186.11 -2.63 (-1.39%)
Pre-market: 8:22AM EDT
|Bid||186.40 x 1000|
|Ask||186.45 x 800|
|Day's range||187.20 - 189.22|
|52-week range||142.28 - 194.20|
|PE ratio (TTM)||18.26|
|Earnings date||30 Jul 2018 - 3 Aug 2018|
|Forward dividend & yield||2.92 (1.55%)|
|1y target est||198.48|
Tesla, Harley-Davidson, Apple and JetBlue are the companies to watch.
The telecom giant's stock was upgraded to "buy" from "hold" at Deutsche Bank, which said fundamentals are improving but the stock price hasn't yet caught up. Tesla TSLA – CEO Elon Musk sent an email to workers saying an unnamed employee had engaged in "extensive and damaging sabotage." Musk said the automaker is investigating whether the employee was working with any outside organizations. Apple AAPL – Apple's iPhones would not be subject to new tariffs on phones assembled in China, according to a New York Times report.
Apple (AAPL) has had its fight with the cryptocurrency world for some time, and it seems to be escalating. After earlier banning third-party apps for sending and receiving cryptocurrency from its app distribution center, Apple has now moved to ban apps that mine cryptocurrency on its devices, according to The Verge, citing updated App Store guidelines. The App Store is the brand name of Apple’s app distribution center.
For evidence, take a look at Jason Furman’s recent observations on increasing market concentration in the US economy. Furman demonstrates an increased concentration in revenue across companies in many important sectors.
Two weeks ago I spent some time with Dr. Michael Rich, a pediatrician at Boston Children’s Hospital, to learn about the ways that kids are being affected by spending hours online every day. Rich, who works at the, says that kids dealing with conditions like attention disorders and anxiety are most affected by too much time online. Rich’s patients represent the most extreme cases: children who have attempted suicide or self-harm as a result of a spiral worsened by tech usage.
’s Siri in the race to bring voice-powered devices to hotel chains. , the world’s largest hotel operator, to launch Alexa for Hospitality, a suite of features that allow guests to order room service, request housekeeping, book spa treatments, play music and adjust the lighting and temperature in their rooms, all by talking to an Alexa-powered speaker.
An Australian federal court has fined California-based Apple, for the Error 53 message which rendered certain products unusable.
Asian exporters took a heavy hit Tuesday, with China stocks suffering their lowest close in two years, following President Donald Trump’s announcement of potentially $400 billion in additional tariffs ...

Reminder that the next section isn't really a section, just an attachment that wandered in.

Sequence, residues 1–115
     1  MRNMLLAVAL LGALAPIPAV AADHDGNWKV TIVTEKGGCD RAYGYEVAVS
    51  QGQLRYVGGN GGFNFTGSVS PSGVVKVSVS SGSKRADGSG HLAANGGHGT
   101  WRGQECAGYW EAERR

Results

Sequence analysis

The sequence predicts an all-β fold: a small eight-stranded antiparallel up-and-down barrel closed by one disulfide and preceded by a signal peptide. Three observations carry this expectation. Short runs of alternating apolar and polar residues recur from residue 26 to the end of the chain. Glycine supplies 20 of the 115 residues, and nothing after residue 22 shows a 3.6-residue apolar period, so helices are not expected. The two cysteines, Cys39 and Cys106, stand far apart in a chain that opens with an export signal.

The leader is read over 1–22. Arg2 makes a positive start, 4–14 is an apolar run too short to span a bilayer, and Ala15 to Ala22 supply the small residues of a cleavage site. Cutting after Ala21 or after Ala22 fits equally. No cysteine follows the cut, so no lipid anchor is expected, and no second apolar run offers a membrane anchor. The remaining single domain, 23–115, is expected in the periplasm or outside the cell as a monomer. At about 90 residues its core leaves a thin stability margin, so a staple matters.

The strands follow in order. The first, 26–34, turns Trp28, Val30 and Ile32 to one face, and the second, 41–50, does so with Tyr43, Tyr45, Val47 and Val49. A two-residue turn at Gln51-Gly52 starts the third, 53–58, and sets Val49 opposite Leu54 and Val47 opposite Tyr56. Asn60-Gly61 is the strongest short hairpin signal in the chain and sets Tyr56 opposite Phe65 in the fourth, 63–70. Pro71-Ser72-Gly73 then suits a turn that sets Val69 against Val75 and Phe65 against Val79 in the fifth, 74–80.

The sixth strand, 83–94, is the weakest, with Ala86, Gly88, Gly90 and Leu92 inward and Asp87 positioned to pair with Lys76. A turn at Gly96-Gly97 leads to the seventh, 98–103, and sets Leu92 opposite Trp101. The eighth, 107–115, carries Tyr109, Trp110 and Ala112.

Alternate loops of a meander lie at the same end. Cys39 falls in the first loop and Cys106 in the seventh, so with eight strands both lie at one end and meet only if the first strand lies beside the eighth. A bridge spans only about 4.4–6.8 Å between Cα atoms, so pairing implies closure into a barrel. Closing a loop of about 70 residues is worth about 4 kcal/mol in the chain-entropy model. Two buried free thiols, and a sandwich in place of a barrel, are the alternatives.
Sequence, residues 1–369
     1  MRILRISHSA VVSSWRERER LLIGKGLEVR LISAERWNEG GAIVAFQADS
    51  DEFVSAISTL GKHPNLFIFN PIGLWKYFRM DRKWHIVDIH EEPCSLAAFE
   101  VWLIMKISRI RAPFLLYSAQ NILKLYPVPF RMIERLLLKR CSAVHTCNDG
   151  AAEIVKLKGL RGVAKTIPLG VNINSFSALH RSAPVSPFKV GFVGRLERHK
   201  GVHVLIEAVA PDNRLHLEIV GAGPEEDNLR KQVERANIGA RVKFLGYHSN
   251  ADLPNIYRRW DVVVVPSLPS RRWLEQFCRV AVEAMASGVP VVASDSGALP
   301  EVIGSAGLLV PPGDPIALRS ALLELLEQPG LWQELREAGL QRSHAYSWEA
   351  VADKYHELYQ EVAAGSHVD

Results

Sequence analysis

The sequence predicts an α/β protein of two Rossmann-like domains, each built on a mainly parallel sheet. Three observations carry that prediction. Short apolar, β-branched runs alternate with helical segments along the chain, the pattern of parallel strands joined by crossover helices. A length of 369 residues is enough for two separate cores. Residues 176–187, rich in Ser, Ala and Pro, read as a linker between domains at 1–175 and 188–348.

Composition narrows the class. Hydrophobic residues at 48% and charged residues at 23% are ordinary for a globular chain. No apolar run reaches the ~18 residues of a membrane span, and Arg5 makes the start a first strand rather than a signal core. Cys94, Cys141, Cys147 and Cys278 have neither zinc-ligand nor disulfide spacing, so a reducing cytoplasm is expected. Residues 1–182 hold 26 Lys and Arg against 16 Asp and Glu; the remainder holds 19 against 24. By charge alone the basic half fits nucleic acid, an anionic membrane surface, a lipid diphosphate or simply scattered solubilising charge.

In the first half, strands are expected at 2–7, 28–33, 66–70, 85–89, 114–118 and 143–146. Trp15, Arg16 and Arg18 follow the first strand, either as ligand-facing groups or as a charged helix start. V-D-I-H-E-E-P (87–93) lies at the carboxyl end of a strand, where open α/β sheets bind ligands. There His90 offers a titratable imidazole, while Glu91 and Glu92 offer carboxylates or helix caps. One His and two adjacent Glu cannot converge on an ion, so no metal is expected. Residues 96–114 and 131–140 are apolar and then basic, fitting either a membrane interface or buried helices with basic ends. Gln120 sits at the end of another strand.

Inc. was fined in Australia for refusing to offer free fixes for iPhones and iPads that were previously serviced by non-Apple stores, the latest episode in a global dispute between companies and consumers about the right to repair. A court ordered Apple to pay a penalty of 9 million Australian dollars ($6.7 million), after it told consumers it wouldn’t offer free repairs for devices that had become inoperable due to a glitch known as “Error 53.” The fault had occurred after consumers downloaded an update to Apple’s operating system. Apple told at least 275 Australian customers affected by Error 53 that they weren’t entitled to a remedy because their devices had been previously serviced at non-Apple stores, effectively voiding guarantees.
In the lawsuit filed by buyers of iPhones and iOS apps claimed Apple's monopoly leads to inflated prices and that consumers should be able to purchase the applications from outside parties without Apple's 30 percent service charge.
President Donald Trump has ordered his administration to draft plans for tariffs on a further $200bn in Chinese imports if Beijing does not abandon its intention to retaliate against US duties on imports announced last week. In a statement issued late on Monday, Mr Trump said he had asked US trade officials to identify a further $200bn in goods from China to be subject to a 10 per cent tariff, and that he was prepared to impose tariffs on an additional $200bn beyond that. China’s commerce ministry said the threat was “blackmail” and warned of “strong countermeasures,” while its foreign ministry said the US “had once again incited a trade war”.
The U.S. Supreme Court on Monday agreed to take up Apple Inc's bid to escape a lawsuit accusing it of breaking federal antitrust laws by monopolizing the market for iPhone software applications and causing consumers to pay more than they should. The justices said they would hear Apple's appeal of a lower court's ruling that revived the proposed class-action lawsuit by iPhone buyers over commissions that the Cupertino, California-based technology company receives through its App Store. President Donald Trump's administration backed Apple and urged the justices to take the case.